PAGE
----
Aviation

As an exercise, ponder for yourself: what is good, and what is bad, about aviation? The table below offers a list, compiled after more than a decade of aiREFORM efforts. Is this the whole list? Are there any other ‘goods’ or ‘bads’ to aviation?

Aviation ‘PROs’: Aviation ‘CONs’:
Speed:

aviation is the fastest way to cover long distances.

Because it remains heavily dependent on fossil fuel consumption, aviation is also the fastest way to expand your personal carbon footprint. If you fly as a passenger, the most efficient commonly-used commercial aircraft are comparable (in carbon output) to making your trip using an efficient small car loaded with four people; but, the airplane is roughly ten times faster … thus, each hour of flight consumes roughly ten times the fossil fuels to achieve ten times the distance. Your carbon impact is much faster.
Travel:

a tiny percentage of the world population has the privilege of experiencing a more diverse world. This enriches some lives. If we ignore the carbon impacts, aviation enables a hyper-mobility that was unimaginable to our ancestors.

The carbon footprint of air travel is enormous, but modern marketing helps us to ignore that fact. Air travel ‘escapes’ are marketed intensively, and this marketing pressure distracts us from taking action to protect our home communities from ongoing degradation. We need to do more to focus LOCALLY, to ensure our home communities provide local parks and nature, as well as local economic diversity that makes us less dependent on carbon-intensive air travel.
Health & Wellness:

Vacations are normally restorative, and travel away from snow to sunny warm beaches can have great benefits to people in winter. Societal health is enhanced, too, so long as cultures are truly mixing and meeting, without unjust inequities being applied.

People can travel, but in the process they transport and share viruses and other diseases, like COVID-19. As we have seen in recent years, the COVID variants rapidly deploy to all corners of the world, due to aviation. It does not help that the profit-driven airline industry has designed crowded spaces, at airports and within airplane ‘tubes’, that are excellent for respiratory infection transmission. Commercial aviation has a long history of contributing to viral transmission (e.g., SARS, Ebola, COVID; see ‘Health Hazards of Air Travel’ at [wiki]).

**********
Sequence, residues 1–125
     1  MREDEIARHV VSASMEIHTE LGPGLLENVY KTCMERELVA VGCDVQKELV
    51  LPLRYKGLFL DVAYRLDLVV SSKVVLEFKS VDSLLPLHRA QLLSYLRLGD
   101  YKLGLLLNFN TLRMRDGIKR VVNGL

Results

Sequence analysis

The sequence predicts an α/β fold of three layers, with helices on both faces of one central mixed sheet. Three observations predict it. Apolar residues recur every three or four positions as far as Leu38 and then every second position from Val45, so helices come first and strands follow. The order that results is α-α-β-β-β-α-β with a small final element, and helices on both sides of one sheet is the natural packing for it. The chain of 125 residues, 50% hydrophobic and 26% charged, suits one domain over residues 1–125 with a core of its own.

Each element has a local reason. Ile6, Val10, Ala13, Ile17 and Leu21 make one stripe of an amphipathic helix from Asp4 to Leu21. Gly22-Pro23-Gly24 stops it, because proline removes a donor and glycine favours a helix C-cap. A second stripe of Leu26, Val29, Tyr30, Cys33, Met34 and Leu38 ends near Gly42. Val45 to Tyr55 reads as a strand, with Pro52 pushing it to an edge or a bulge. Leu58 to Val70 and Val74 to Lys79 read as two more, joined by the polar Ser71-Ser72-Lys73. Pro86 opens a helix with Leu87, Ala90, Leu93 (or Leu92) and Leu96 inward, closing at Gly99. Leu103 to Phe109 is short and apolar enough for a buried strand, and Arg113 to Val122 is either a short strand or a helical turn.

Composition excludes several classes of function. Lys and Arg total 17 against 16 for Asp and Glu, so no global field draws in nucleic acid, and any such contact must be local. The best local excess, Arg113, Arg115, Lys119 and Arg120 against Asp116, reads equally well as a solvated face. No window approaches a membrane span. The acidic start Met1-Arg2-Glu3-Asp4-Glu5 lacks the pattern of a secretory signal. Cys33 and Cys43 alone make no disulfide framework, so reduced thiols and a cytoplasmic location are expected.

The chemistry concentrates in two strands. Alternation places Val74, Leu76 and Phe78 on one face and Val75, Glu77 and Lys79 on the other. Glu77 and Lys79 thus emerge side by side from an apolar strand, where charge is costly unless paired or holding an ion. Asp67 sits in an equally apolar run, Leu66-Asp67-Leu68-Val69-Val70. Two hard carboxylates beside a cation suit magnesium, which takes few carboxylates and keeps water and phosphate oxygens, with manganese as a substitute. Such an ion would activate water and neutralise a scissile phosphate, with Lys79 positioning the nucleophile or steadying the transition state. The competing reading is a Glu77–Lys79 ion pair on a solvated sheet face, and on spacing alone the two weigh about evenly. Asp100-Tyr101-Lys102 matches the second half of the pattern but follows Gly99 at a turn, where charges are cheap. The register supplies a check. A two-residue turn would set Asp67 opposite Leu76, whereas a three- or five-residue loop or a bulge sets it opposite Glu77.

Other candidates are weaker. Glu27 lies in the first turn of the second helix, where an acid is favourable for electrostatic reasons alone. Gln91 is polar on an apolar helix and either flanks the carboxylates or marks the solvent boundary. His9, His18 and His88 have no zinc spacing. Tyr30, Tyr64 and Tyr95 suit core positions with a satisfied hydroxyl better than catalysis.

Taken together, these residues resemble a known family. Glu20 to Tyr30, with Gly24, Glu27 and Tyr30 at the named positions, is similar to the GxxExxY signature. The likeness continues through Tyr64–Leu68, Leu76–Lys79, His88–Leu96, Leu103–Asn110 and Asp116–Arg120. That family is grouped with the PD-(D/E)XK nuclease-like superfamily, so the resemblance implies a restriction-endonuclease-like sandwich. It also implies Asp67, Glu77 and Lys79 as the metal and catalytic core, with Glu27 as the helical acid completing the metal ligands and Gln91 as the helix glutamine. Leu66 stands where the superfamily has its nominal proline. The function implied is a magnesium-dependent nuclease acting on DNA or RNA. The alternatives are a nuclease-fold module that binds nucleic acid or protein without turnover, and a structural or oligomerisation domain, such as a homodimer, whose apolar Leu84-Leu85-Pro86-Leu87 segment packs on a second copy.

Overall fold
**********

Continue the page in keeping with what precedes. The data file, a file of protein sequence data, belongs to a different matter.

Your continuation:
Peace:

some would suggest, air travel may offer a ‘peace dividend’, by increasing connection and ‘caring’ across cultural and political boundaries, thus helping to inoculate against xenophobia.

The current condition of our world strongly suggests: there is no such thing as an air travel ‘peace dividend’. Granted, the vast majority of people are good, but it only takes a tiny fraction of bad players to ruin a good thing. Frankly, it is just as easy to argue that air travel facilitates ‘see and conquer’ greed and aggression, enabling the bad players among us to take from others.
Global Markets:

air cargo enables rapid air-shipment of fresh produce, and various products. Facilitates hyper-consumption of goods.

But, aviation also enables the transport of drugs, weapons, illegal goods, sex workers, forced labor, etc. And, again, the aviation carbon footprint is enormous and too-often ignored. As we watch the planet warm up and our weather events amplify, why are we subsidizing aviation to continue to expand its carbon footprint? Why are we not putting more emphasis on diversifying the local economy to be LESS dependent on air cargo? Is it time to recognize that hyper-consumption is a bad idea, in a finite world?
Perspective change:

it is undeniably an awesome experience, the first time a person flies and sees their home below, like a model landscape. This can benefit people, to understand a larger world.